Calculating on top of available data, carrier’s network optimization engine matches the original delivery SLA and discovers that there is an option of faster delivery. The carrier now makes an optional offer of faster delivery service for additional charge. The shipper can stick with the original plan or agree to the new offer. Let’s assume the shipper chooses the offer. This creates additional profit for the carrier. If done collaboratively with the port, e.g. in exchange for carrier’s ability to use port’s vessel movement data, that extra profit can be shared between the line and the port. In reality, beyond generating additional profit, it creates an opportunity to utilize their capacity that otherwise might be wasted. Now imagine the offer extends also to inland transporter, which increases the value of the offer. The carrier shares data from their new plan with port’s TOS system and intermodal transporter’s load planning system. This step creates another benefit: underutilized quay cranes and underutilized train sets at that location will be used more efficiently.
While we are able to access and use (big) data today, and even ensure data collaboration between parties, we still need information technology to stop putting breaks on collaborative innovation. Currently, neither the carrier, nor the port, nor the inland transporter have processes and technology nearing the capability implemented by retailers to solve similar problems. Processes in shipping are not aimed at sharing the data and quickly producing complex data-driven decisions to sell and execute offer. There is still too much focus on data-based business intelligence and too little work done on data-driven automated decision and execution.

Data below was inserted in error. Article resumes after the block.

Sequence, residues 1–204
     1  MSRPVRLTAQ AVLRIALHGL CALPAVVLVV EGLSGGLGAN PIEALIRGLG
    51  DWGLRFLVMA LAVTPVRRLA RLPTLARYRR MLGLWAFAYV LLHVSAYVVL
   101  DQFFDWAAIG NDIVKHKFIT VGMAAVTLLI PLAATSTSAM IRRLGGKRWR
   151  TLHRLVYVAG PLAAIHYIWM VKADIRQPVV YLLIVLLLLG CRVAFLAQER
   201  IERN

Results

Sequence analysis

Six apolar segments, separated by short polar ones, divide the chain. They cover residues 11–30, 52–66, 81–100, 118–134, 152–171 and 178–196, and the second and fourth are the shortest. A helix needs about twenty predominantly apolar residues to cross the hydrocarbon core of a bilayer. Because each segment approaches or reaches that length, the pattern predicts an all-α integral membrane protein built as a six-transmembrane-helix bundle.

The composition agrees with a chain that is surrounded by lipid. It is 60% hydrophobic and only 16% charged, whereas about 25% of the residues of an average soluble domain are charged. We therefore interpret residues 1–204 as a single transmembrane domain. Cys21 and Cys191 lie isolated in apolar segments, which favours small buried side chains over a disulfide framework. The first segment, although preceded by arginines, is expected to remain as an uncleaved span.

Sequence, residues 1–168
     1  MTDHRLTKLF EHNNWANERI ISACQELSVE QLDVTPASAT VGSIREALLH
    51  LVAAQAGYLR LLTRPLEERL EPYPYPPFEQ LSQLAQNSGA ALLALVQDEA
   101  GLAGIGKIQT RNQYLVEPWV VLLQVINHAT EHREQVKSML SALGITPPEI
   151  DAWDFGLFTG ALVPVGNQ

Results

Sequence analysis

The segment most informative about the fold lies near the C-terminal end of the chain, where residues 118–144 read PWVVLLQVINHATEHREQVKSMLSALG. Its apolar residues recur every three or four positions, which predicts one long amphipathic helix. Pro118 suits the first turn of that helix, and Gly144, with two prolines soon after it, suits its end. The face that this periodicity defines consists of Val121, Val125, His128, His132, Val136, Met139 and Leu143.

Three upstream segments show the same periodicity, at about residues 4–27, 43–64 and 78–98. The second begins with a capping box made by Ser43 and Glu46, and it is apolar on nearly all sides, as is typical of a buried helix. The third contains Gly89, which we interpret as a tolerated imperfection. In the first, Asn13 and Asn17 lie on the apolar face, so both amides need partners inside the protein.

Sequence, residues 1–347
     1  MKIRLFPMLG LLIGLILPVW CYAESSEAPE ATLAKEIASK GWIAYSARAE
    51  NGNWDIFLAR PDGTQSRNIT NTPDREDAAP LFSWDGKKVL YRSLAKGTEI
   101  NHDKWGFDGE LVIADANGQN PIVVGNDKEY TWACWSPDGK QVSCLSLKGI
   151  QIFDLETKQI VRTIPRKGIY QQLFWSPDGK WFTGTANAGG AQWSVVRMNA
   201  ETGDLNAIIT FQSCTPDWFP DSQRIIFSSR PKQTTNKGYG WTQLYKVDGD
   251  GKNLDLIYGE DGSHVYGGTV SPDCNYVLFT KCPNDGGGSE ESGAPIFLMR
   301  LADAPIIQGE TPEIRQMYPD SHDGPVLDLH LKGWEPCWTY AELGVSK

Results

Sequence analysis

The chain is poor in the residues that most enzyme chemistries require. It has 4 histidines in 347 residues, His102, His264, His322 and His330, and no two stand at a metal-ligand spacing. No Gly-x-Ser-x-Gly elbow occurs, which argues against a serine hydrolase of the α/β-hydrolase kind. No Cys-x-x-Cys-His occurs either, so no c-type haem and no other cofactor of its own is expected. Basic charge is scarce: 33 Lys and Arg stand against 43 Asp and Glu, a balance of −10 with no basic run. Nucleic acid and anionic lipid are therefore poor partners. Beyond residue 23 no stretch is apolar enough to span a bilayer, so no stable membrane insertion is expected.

There is also the problem of technology investments. Transporters and ports focus on running reasonably efficient operations and not on running highly flexible and responsive trading business of “container-as-a-commodity”. The cross-enterprise processes are lacking. The focus is still on automating processes within functional silos instead of taking holistic view of the enterprise. Yet, making technology-aided rapid and optimal decisions across pricing, capacity, and yield is fundamental to growth.
While individual businesses often struggle to implement necessary process and technology changes, even less thought is given to rolling out optimization solutions outside of one enterprise to facilitate creation of a wide-reaching collaborative network. Whenever an example of such collaborative solution is discussed on public fora, we should embrace it, instead of rolling out counterarguments why carriers, ports, and inland transporters need to act separately.
In my opinion, with all the talk of big data and confusing cacophony of “cloud” and “Internet of Things” terms thrown into the big data discussions, we are still at sea when it comes to understanding the leverage that shipping industry has, but is not using, to aid their growth strategies. The first ones who manage to connect the dots, will get out of the morass of doing business as usual. The rest will wonder what hit them.